As top graduating seniors from high schools in the Archdiocese of Baltimore, Pat Terranova, Christine Basil and Kevin Ford seem to have one thing in common – their ability to earn superior grades while juggling a myriad of extracurricular activities.
Mr. Terranova of Mount St. Joseph High School, Irvington, Ms. Basil of Mount de Sales Academy, Catonsville, and Mr. Ford of Calvert Hall College High School, Towson, were all presidents of their student councils and held leadership roles in countless school, sports, parish and community outreach groups, while graduating with honors.
“There were certainly moments when it got difficult,” said Mr. Ford, 18, editor of his student newspaper who made the commute from Columbia to Towson every school day. “There were times when I was scheduled to be in five places at once. Luckily for me, I was in charge of most of these groups and could work out the scheduling conflicts.”
Time management was key in achieving success in all academic, extracurricular and religious activities, said Mr. Terranova, 17, of Arnold, who will attend LaSalle University in Philadelphia on a Christian Brothers Scholarship in the fall.
“I have a pretty strict mom who also keeps me in line,” the St. Andrew by the Bay, Annapolis, parishioner said with a chuckle. “I also find that the more I have going on, the better I manage my time and the more I get done.”
Having too much free time often leads students to procrastinate, said Ms. Basil, 17, of Arnold, who will attend Belmont Abbey College in Charlotte, N.C. in the fall. “When you have a lot going on, the deadlines keep you on track.”
Students who involve themselves with multiple activities tend to achieve better academically, said Judi Lanciotti, vice principal of student affairs at Mount de Sales.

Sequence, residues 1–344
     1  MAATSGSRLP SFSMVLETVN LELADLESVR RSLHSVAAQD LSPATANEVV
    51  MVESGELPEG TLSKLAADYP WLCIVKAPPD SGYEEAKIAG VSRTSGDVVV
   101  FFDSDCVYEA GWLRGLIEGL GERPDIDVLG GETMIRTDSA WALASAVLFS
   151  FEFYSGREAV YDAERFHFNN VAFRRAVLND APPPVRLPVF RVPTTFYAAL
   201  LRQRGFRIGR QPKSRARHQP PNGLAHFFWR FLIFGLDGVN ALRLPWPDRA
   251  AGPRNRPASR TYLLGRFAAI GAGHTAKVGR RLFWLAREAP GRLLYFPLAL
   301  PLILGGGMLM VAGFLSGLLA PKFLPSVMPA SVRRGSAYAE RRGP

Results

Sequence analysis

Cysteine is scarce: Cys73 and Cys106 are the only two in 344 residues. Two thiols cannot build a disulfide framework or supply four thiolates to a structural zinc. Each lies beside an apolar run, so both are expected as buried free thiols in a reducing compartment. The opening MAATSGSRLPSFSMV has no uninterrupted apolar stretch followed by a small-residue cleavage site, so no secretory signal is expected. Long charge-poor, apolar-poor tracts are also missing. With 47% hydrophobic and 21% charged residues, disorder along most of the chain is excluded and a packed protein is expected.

“I think they tend to do well in all of their activities,” Ms. Lanciotti said. “They stay focused. They don’t get lazy and they manage their time well.”
Mr. Terranova spent first through third grades living in South America, while his mother worked at the U.S Embassy in Colombia, traveling in armored cars and living in a gated community.
“Living with the lack of freedoms we’re used to in this country gave me a unique perspective,” he said. “I think I can appreciate the opportunities we have in this country and the drive to seize them.”
A homeschooled student until she entered ninth grade at Mount de Sales, Ms. Basil believes that experience taught her how to be an independent learner.
It also gave her a thirst for social interaction, and along with her challenging academic schedule, the St. John the Evangelist, Severna Park, parishioner played soccer and softball, participated in the rosary making guild and a host of other religious clubs and played the trumpet and guitar for several school and church events.
“I don’t know what we are going to do without her,” Ms. Lanciotti said.
After a summer of work, travel and a little relaxation, the graduates all said they are looking forward to a different kind of freedom living at college will afford them.
The strong values Mr. Ford learned from his family, high school and at St. Louis, Clarksville, have prepared him to focus on the rigors of life at the enormous campus of University of Maryland, College Park.
“I’m ready to pick out my own classes and seei if I’m ready for adulthood, which is what I think living at college is all about,” he said. “I’m also looking forward to rolling out of bed and being at class in 10 minutes. That will be a change after four years of having a 45-minute commute to school.”